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Old 08-28-2002, 02:25 AM   #5
ian
 
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Dojo: University of Ulster, Coleriane
Location: Northern Ireland
Join Date: Oct 2000
Posts: 1,654
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The same thing happened to me several years ago (and sometimes you don't have a choice of being 'put in that situation' - it just happens. It was so fast there was absolutely no time to turn and run without being stabbed in the back (so that option is out the window).

In fact, like any real situation involving high adrenalin levels, you don't make a choice - you respond instinctively. Luckily for me my first instinct was to move off centre line following the first stab (and yes, it was quite a conventional tsuki - since he was trying to get the suprise in immediately and wasn't 'showing' he had a knife). I did an atemi to the face which stunned him for a second (whilst cutting down the knife hand), however I didn't do a 'technique'. After a few more strikes he ran away. Though I didn't realise it at the time I had been slashed on the arm and neck (although quite shallow cuts).

People often think aikido isn't realistic because they apply it to a competitive 'sparring' situation. However, this event made me realise that it is the simple, instinctive training which saves you. We train for the first strike in aikido, and this is why I believe 'sparring' is not as beneficial for self-defence training: the first strike CAN kill, and often you are not aware they are going to strike, nor are they aware of what your response will be.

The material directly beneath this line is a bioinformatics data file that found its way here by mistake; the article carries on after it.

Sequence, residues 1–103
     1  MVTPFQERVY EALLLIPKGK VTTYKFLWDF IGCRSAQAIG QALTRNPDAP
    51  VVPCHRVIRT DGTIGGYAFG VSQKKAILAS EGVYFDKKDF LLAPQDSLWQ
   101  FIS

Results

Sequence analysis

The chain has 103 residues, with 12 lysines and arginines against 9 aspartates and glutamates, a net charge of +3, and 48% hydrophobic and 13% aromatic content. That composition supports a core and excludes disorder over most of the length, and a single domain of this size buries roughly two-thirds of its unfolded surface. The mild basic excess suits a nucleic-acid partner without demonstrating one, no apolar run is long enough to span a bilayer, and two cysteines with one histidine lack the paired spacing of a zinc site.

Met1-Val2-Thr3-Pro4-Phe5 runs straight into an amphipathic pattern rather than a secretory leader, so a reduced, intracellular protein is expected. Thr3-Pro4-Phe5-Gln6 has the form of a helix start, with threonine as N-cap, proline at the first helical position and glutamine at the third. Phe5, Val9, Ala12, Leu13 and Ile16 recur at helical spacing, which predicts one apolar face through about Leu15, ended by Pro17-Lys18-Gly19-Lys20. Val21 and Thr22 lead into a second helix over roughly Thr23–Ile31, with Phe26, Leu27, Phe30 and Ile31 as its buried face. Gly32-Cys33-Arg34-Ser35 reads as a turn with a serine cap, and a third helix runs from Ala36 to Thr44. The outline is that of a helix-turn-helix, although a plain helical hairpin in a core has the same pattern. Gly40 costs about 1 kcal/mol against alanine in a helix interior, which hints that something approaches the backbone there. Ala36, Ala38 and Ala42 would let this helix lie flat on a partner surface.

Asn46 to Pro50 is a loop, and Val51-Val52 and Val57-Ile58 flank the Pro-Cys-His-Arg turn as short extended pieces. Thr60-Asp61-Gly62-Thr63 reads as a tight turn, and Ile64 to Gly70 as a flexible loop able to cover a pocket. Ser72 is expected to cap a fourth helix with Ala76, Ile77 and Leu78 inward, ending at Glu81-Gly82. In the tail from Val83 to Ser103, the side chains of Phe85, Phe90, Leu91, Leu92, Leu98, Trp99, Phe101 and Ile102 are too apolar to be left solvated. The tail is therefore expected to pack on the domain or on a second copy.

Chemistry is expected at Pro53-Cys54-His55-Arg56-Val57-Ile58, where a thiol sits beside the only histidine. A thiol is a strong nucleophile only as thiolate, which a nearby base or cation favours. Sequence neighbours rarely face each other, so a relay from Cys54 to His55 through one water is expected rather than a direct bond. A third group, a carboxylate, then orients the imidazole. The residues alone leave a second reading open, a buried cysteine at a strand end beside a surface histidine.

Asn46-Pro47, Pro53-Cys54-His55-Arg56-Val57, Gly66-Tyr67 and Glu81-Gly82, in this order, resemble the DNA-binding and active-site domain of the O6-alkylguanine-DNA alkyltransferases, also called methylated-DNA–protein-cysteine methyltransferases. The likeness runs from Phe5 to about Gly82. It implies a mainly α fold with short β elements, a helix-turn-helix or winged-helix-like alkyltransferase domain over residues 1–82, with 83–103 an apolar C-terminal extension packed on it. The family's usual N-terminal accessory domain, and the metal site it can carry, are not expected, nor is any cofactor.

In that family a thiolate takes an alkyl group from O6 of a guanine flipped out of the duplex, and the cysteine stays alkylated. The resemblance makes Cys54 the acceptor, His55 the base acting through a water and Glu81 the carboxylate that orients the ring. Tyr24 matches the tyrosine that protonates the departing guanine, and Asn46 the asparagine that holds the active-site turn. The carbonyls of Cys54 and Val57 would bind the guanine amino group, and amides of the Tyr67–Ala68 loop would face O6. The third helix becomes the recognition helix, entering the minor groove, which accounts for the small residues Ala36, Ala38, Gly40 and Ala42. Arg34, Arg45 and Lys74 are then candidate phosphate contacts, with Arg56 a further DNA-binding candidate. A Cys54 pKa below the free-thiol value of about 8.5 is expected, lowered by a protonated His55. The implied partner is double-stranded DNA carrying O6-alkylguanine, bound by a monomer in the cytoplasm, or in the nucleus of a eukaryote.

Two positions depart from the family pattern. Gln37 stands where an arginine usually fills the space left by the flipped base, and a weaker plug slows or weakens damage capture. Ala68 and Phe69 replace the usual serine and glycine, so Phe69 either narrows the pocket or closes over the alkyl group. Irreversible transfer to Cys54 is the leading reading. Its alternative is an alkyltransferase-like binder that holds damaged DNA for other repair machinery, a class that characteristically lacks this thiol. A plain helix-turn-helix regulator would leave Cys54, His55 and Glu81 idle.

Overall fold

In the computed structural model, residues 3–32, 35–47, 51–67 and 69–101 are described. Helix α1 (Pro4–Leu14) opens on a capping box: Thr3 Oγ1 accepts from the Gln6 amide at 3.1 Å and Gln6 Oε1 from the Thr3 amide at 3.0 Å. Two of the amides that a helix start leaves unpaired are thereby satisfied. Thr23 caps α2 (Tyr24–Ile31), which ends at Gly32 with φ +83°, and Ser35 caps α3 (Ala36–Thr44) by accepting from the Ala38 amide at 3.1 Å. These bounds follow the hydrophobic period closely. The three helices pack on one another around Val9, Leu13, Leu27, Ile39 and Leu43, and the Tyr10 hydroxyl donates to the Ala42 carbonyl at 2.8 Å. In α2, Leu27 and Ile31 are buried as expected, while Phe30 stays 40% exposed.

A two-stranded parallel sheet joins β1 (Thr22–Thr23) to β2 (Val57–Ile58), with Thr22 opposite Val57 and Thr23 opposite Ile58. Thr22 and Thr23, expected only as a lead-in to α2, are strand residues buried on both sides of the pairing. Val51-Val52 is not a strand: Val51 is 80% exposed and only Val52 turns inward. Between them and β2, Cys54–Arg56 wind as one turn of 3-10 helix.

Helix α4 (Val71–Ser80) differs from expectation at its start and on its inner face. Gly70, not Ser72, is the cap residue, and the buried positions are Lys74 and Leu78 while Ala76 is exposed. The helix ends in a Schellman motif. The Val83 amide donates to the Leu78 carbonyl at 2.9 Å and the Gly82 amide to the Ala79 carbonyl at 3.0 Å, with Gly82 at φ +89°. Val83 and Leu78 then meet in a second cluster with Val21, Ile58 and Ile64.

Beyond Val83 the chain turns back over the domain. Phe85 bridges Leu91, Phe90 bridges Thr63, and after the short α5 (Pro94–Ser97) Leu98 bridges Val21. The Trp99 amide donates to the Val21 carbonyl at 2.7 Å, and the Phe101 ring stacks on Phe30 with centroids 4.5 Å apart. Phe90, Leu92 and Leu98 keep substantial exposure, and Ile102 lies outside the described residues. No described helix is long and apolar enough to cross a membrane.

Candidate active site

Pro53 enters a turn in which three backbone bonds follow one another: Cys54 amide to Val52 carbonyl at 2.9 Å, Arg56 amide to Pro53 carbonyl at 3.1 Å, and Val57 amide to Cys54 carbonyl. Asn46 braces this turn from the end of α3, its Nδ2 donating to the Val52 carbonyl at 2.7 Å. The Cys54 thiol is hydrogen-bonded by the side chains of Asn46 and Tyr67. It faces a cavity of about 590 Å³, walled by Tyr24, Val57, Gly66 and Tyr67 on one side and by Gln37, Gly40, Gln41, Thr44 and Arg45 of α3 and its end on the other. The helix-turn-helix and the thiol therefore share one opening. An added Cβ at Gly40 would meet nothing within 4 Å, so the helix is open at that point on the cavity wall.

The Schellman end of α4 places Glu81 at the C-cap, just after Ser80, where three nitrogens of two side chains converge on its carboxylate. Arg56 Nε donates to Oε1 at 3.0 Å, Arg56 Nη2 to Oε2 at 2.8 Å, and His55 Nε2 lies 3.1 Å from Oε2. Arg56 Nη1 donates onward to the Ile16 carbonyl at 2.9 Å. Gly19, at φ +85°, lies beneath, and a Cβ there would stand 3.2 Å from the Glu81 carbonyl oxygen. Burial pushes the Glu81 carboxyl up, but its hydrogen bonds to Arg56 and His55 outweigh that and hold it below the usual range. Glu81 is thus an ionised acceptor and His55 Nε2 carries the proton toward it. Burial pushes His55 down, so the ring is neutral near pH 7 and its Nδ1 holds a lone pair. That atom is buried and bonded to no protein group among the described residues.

As far as killing or not - I think you should always allow someone to live to regret their actions. Surely aikido is about influencing people through example, rather than changing them through force? If you truly believe that 'you are the universe' killing them is no more of a win than getting killed yourself.

Ian

Last edited by ian : 08-28-2002 at 02:42 AM.

---understanding aikido is understanding the training method---
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